AO: That’s very cool. That’s a market that, from what you describe, completely makes sense, but wouldn’t have been necessarily intuitive. How did you figure out that this is a target market? Did you figure this out through doing analysis on your Amazon or online channel, or is it something that came from the offline world?

DM: It really came through analysis on Amazon, and it didn’t come through our proactive research, either. It really came by seeing some of the words on some automated campaigns that we were running that people were clicking on. We found some brands and some words in that area, and so have started to chase it.

Using other digital channels to market on Amazon

AO: Finding a new persona or a targeted segment based on keyword research and data analysis is certainly one of the powers of Amazon and the other online marketplaces. So what am I missing? What other questions are going through your mind related to Amazon and online marketing as we cruise into 2022 here?

DM: One of the things that I think is interesting, and we’re really just trying to figure this out as a newer brand on Amazon—remember it’s a 40-year-old brand, but it’s really only been on Amazon recently—is how we can start to use other digital channels to drive traffic on Amazon. It’s very interesting to me. We’ve got a very big initiative right now on building community and engagement and awareness on social platforms like Instagram and Facebook, as you could imagine.

But we started to tie, very specifically, some of our Instagram activity to movement on Amazon, both organic and paid. And so when we first got started on Amazon, it was really—I’ll call it kind of an inside by Amazon for Amazon program, but we’re starting to see now the power of off-Amazon programs driving sales and traffic on Amazon. That’s an interesting one that we’re watching pretty closely.

AO: When I think about people who are quote-unquote my age and my friends, if I mention Dermatone, you have great brand recognition. And quite honestly, a lot of people who have known the brand forever, they have nostalgia about the brand. Compare that to my kids, who are in their late teens or early twenties, they didn’t necessarily know about the brand. So how do you tackle messaging by age or by demographic?

DM: We really have a couple of different strategies for that. When I think about my generation, for example, sun protection and skin education was not something that I was familiar with growing up. I grew up in a time where we were putting on Hawaiian Tropic oil and really trying to get tan. And now my kids’ generation will put on sunscreen or skin protection on themselves before even going outside.

So we really have kind of an inverted strategy. There’s a segment of our audience that we really need to focus on the importance of—we call it skin education, the importance of skin protection, and that it’s not just by appointment for a big ski trip or a vacation on the beach. It’s an everyday thing, if you’re outside. There’s even some emerging research about the impact that screen time and computers are having on the skin.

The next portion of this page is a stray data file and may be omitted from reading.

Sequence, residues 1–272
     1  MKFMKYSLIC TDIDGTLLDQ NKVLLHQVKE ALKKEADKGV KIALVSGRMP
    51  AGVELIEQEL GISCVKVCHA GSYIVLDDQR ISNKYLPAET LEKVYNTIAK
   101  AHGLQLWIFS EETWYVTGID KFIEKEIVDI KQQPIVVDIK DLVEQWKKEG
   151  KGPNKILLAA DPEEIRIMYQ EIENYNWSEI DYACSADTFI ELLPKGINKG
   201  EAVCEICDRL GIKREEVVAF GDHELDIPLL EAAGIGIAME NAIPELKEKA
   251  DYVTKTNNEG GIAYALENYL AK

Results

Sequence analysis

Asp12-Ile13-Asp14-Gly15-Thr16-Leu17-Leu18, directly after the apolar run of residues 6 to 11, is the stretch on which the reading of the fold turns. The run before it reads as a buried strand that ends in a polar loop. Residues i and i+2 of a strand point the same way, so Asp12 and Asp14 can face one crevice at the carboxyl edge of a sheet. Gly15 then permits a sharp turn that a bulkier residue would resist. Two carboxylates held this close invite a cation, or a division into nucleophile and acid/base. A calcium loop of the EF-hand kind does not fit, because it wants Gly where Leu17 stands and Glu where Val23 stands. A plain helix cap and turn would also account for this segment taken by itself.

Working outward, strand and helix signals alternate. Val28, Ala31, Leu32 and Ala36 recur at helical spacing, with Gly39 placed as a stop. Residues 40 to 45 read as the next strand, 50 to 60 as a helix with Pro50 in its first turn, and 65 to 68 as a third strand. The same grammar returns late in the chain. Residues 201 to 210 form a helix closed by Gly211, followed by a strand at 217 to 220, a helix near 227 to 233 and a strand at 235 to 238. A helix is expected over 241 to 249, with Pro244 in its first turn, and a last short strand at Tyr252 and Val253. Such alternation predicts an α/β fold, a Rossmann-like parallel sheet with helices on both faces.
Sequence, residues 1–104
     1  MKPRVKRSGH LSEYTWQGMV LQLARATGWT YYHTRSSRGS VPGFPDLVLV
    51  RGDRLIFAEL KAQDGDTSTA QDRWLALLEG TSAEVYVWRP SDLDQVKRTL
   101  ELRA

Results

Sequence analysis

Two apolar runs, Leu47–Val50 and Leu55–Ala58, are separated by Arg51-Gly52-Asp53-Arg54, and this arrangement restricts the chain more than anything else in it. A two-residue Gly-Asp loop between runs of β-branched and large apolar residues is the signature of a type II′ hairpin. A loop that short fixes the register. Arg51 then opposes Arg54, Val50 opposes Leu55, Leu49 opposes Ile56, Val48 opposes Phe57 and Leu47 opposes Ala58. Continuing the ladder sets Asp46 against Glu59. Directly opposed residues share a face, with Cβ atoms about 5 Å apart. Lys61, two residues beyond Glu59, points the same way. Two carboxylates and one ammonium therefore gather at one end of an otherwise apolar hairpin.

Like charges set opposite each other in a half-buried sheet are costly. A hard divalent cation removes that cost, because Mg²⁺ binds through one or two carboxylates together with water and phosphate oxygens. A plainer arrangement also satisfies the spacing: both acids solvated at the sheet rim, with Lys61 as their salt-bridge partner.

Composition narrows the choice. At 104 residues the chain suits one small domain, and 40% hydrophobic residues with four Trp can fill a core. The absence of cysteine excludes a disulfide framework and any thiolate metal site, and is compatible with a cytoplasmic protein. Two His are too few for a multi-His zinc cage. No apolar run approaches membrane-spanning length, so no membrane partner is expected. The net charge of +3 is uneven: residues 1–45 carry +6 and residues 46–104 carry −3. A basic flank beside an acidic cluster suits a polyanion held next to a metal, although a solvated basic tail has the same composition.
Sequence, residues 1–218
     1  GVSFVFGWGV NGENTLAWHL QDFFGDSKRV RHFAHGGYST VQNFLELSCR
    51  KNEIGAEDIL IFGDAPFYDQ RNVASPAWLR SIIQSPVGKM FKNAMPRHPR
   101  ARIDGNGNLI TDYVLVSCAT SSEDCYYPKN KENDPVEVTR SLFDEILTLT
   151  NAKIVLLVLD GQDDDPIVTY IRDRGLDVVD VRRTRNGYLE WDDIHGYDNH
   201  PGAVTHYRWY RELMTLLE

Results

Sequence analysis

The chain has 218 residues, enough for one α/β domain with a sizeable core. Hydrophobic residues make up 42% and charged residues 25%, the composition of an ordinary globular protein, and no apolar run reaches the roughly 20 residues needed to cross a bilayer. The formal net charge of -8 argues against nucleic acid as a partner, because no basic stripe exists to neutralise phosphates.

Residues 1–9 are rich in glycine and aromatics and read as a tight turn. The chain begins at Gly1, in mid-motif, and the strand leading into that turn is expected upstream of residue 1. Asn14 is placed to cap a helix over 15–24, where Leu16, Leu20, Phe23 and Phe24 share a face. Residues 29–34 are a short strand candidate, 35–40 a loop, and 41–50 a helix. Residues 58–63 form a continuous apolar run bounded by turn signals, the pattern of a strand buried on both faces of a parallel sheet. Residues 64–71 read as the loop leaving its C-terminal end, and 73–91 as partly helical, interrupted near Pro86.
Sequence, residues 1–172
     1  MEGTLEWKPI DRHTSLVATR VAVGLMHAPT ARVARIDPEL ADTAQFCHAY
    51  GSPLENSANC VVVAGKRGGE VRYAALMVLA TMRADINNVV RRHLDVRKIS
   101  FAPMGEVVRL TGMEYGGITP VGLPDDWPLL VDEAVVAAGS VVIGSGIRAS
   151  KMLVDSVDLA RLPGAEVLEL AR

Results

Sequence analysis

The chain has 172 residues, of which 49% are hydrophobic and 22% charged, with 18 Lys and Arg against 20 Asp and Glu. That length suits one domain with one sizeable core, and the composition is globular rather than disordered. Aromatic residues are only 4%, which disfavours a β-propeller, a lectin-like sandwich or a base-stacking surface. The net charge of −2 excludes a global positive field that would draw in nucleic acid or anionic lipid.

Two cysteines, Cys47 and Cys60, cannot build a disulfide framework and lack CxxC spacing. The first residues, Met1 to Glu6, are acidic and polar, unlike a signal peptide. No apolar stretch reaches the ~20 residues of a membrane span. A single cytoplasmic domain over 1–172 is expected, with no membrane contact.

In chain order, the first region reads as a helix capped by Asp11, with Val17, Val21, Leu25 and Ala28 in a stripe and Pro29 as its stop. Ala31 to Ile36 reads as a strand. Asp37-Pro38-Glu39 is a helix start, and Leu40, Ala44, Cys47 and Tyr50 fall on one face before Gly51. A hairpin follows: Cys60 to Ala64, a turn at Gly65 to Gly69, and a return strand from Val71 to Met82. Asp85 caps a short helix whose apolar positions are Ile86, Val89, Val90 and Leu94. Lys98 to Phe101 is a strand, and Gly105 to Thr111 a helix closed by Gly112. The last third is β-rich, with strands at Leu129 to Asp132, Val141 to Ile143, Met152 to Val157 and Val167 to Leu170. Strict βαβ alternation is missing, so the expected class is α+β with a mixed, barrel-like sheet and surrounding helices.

And then with the generation behind us, there’s an implicit understanding of skin protection. But we need to bring them into the brand tent and franchise, and get them thinking about the activities that they would use us for and why it’s important to have something that would fit in the pack or be long-lasting or have some of the other functions that the products have.

AO: I was spending some time on Amazon last night researching the Dermatone products, and if you read the comments that people are saying about the products, they very much mirror what you just said. So clearly you’re onto something there. Anything else to add as we wrap up here?

DM: I think the only other thing that I would say is from our outlook as it relates to Amazon and the category itself, we saw a real shift in behavior with the pandemic of people going outside more often, being happier going outside more often. Shifting their buying behaviors from maybe going on vacation, where they would have bought something at a local retailer or resort, to now buying on Amazon and bringing it to the house, or maybe even staying somewhere four weeks, six weeks, eight weeks at a time, and therefore purchasing their goods through Amazon that way.

We’re still pretty long on that trend, for whatever it’s worth. Now that we’re starting to see really changes in the macro-environment, at least as it relates to the pandemic, we still expect to see people continue to go outside and be active, the way that they are, and continue to work remotely and therefore have access to other activities. So the one thing I would say is even though we’re seeing the marketplace change a little bit, I think some of what we’ve seen with Amazon and buying behavior is going to continue for a little while, at least with the outdoor segment.

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This interview has been edited for clarity and length.